Josh Perkins was one of the unsung heroes of this past season. By his history within much of the fanbase, his growth will go relatively unnoticed, and that is a shame.
The stats are anything particularly exciting compared to some of the bigger names in college basketball. Perkins finished the season averaging 12.3 points and 5.3 assists per game. Most importantly, his turnovers dipped down just enough as his usage increased. As the primary ball handler for the Zags, and really the only option, Perkins was the efficient offensive distributor the Zags needed this season.
Perkins ability to distribute this season was a marvel in college basketball. He was one of 10 players in the nation who averaged at least 5.0 assists per game and turned the ball over less than 2.1 times per game. That lowered turnover rate, combined with a stellar three-point percentage to open the year, allowed Perkins to post his highest offensive rating of his collegiate career at 119.0.
What is even more impressive is Perkins did all of this averaging nearly 33 minutes per game. Unlike last season, when Perkins was on the court this year, he was the only option for running the offense. Perkins’ ability to be a good floor general was a bit in question coming into the season. He struggled with this facet of the game in his first full season. Last season, Nigel Williams-Goss and Perkins shared point duties, but NWG seemed to end up with the ball in his hand more of the time.
Going into this season, no one quite knew what to expect from Perkins, but he rebounded and proved everyone wrong. He seemingly learned from his flashy mistakes this season. He was willing to feed the ball to the hot hand, but also rarely saw a three point opportunity he didn’t like.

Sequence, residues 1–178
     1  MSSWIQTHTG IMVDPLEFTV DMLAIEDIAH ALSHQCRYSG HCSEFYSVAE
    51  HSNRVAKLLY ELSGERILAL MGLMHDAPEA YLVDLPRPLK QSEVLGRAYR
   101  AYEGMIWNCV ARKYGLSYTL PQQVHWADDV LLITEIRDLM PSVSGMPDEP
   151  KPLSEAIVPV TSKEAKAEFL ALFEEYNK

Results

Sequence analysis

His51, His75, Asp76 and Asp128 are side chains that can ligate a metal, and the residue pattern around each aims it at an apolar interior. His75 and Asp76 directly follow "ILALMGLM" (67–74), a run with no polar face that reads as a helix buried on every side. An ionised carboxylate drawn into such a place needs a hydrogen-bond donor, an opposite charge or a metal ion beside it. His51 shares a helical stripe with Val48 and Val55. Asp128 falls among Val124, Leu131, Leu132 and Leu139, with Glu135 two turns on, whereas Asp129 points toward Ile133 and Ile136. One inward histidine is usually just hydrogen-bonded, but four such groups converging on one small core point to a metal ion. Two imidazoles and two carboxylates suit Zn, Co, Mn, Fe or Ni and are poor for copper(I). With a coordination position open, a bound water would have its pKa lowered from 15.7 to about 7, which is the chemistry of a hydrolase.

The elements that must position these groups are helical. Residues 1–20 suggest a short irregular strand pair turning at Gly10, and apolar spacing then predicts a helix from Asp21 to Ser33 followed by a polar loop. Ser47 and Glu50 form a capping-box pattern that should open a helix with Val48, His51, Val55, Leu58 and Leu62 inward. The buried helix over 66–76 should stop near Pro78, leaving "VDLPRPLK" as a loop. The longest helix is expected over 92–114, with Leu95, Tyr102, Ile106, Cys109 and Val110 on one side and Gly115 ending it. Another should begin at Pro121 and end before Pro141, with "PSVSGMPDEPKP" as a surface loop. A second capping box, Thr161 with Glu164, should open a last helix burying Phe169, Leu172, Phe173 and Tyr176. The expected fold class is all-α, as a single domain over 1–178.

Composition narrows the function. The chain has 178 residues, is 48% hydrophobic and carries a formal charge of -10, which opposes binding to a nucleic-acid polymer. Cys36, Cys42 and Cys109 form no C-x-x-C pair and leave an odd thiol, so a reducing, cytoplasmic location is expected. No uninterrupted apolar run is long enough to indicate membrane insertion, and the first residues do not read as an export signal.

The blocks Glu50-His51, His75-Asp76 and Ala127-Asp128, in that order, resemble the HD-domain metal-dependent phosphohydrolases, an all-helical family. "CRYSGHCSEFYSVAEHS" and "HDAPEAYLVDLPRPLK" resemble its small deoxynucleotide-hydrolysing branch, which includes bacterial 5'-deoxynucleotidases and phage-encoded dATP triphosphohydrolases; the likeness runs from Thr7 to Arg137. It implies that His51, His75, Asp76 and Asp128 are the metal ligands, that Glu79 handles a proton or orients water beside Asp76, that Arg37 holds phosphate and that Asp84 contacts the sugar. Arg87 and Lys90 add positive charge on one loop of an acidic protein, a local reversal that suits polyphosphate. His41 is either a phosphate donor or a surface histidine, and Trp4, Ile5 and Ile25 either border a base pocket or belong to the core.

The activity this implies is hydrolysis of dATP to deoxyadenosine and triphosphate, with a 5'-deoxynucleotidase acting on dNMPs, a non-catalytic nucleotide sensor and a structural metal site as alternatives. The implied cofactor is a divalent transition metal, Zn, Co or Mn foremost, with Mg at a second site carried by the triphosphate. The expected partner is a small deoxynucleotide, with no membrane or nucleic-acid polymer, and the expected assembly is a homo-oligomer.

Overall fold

It cannot be stressed how important Perkins’ play was for the Zags this season. Gonzaga had a plethora of guards this season, but none of them were true point guards. Zach Norvell and Silas Melson were always capable of bringing the ball up the floor, but the offense visibly stagnated this season when Perkins was getting some breathing room on the bench.
If there was one knock you could make on Perkins this year, it was that his three-point shot, which was so perfect the entire season, disappeared as the season ended. During conference play, he shot 42 percent from long range. During the WCC tournament and the NCAA Tournament, that dropped to 16.6 percent.
He did step up the other aspects of his game, however. Perkins averaged a shade over 2.1 turnovers per game during the regular season. During the conference and NCAA Tournaments, that number dropped to 1.6 turnovers per game. In fact, during the postseasons, Perkins posted an assist to turnover ratio of 3.6:1.
Next year, like this season, the Gonzaga Bulldogs will go as far as Perkins can take them. The Zags are picking up the services of Greg Foster Jr., who, if ready, can help spell Perkins at the point a bit of time. Hopefully, Jesse Wade can join the point party as well.
Even if neither of those players are ready to contribute as much as the fanbase, or the coaching staff, would like, this season, Perkins demonstrated he can be relied upon to win.